Ancient Monuments

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Knowe of Willol, burnt mound 340m ESE of Braefield

A Scheduled Monument in Shetland South, Shetland Islands

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Latitude: 59.9461 / 59°56'46"N

Longitude: -1.2663 / 1°15'58"W

OS Eastings: 441091

OS Northings: 1118132

OS Grid: HU410181

Mapcode National: GBR R27F.SJP

Mapcode Global: XHD49.X8JH

Entry Name: Knowe of Willol, burnt mound 340m ESE of Braefield

Scheduled Date: 13 August 1975

Last Amended: 24 February 2012

Source: Historic Environment Scotland

Source ID: SM3702

Schedule Class: Cultural

Category: Prehistoric domestic and defensive: burnt mound

Location: Dunrossness

County: Shetland Islands

Electoral Ward: Shetland South

Traditional County: Shetland


The monument comprises the remains of a burnt mound, visible as a near circular turf-covered bank encircling a central hollow. The burnt mound is most likely to date to between 2000 BC and 1000 BC. The monument lies about 15m above sea level on the south bank of the Burn of the Rait, 200m inland from the east coast of south Mainland, at the base of a long north-facing slope. The monument was first scheduled in 1975 but the documentation does not meet modern standards; the present rescheduling rectifies this.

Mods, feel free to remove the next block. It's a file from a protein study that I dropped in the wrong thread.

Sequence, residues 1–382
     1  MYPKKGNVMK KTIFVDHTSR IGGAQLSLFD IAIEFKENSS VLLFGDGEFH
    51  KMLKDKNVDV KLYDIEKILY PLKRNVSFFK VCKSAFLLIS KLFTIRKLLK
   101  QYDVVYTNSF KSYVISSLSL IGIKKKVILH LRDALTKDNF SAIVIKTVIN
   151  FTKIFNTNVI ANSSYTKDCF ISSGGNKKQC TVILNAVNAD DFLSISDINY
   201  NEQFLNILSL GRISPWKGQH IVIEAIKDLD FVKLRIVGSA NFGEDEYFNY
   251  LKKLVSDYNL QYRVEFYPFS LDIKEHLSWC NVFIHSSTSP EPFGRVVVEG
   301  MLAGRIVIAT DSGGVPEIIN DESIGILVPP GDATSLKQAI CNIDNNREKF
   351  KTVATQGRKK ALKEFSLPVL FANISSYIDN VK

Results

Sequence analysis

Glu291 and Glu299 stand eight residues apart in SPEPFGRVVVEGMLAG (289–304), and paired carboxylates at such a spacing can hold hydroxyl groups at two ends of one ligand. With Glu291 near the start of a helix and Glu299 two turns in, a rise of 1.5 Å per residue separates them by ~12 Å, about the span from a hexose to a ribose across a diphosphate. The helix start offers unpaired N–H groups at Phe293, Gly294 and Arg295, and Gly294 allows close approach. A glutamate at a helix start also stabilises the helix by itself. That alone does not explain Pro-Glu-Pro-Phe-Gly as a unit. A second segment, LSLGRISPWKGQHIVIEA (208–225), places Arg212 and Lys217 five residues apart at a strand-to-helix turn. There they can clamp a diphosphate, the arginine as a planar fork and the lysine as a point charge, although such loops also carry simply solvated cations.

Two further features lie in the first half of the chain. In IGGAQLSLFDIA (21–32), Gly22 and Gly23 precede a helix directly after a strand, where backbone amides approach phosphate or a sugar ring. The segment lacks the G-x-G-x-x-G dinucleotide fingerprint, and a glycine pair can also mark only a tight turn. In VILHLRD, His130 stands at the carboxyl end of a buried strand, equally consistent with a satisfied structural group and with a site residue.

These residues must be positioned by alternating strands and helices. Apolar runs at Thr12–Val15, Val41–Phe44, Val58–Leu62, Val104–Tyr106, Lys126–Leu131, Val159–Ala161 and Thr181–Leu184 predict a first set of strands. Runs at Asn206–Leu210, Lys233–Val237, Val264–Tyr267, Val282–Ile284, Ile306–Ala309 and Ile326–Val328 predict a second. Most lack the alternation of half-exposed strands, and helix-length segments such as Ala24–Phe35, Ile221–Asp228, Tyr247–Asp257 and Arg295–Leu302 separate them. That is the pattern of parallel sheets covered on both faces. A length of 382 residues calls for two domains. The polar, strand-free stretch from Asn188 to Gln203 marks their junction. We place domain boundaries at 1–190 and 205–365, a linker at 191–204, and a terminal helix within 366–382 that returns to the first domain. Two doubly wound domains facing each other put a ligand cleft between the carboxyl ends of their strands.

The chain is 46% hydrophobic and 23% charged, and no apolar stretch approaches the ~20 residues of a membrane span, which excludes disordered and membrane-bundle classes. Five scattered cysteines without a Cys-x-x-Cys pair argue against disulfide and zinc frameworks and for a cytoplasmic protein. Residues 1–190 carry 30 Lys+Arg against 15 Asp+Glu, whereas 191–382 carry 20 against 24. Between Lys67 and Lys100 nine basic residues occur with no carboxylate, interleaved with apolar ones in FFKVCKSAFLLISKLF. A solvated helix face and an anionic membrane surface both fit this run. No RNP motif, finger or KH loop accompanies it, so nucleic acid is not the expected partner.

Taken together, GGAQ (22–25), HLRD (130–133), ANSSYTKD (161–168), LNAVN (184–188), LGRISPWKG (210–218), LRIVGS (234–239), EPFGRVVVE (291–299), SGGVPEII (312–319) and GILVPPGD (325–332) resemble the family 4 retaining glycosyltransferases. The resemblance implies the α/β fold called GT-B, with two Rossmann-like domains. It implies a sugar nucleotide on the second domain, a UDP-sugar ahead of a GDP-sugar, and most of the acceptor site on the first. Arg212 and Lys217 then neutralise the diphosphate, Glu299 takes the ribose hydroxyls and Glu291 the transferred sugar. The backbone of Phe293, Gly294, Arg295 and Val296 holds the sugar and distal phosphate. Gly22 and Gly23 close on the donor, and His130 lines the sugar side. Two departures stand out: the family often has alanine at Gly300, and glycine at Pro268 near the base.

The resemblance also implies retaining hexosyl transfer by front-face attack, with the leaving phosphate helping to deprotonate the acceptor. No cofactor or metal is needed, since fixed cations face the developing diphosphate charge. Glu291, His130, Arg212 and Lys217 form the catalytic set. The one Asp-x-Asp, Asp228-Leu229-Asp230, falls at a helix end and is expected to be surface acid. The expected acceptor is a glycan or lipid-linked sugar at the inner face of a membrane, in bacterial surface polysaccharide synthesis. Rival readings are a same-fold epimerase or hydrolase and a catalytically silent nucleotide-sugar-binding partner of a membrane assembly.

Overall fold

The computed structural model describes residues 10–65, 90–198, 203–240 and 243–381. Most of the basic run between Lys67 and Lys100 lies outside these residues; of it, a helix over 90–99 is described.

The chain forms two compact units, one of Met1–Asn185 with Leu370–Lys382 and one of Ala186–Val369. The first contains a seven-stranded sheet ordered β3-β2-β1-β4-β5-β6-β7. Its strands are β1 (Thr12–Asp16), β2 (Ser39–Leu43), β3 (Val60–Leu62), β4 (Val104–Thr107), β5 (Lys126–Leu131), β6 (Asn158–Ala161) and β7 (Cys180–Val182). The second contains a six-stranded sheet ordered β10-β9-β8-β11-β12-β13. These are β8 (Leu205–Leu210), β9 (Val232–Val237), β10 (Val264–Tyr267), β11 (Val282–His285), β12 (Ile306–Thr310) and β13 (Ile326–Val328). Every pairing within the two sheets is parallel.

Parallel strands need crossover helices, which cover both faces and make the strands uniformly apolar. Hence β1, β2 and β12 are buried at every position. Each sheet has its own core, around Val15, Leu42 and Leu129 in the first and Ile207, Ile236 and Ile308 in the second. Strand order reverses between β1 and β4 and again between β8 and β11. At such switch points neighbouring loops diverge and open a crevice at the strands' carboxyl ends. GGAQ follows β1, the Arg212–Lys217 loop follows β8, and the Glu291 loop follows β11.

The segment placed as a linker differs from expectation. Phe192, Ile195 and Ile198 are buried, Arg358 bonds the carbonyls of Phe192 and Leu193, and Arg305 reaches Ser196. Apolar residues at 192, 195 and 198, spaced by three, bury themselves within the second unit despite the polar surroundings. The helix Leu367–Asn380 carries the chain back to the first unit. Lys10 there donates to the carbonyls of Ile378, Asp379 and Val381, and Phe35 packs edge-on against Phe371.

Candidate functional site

The area to be scheduled is almost circular on plan, to include the remains described above and an area around them within which evidence relating to the monument's construction, use and abandonment may survive, as shown in red on the accompanying map.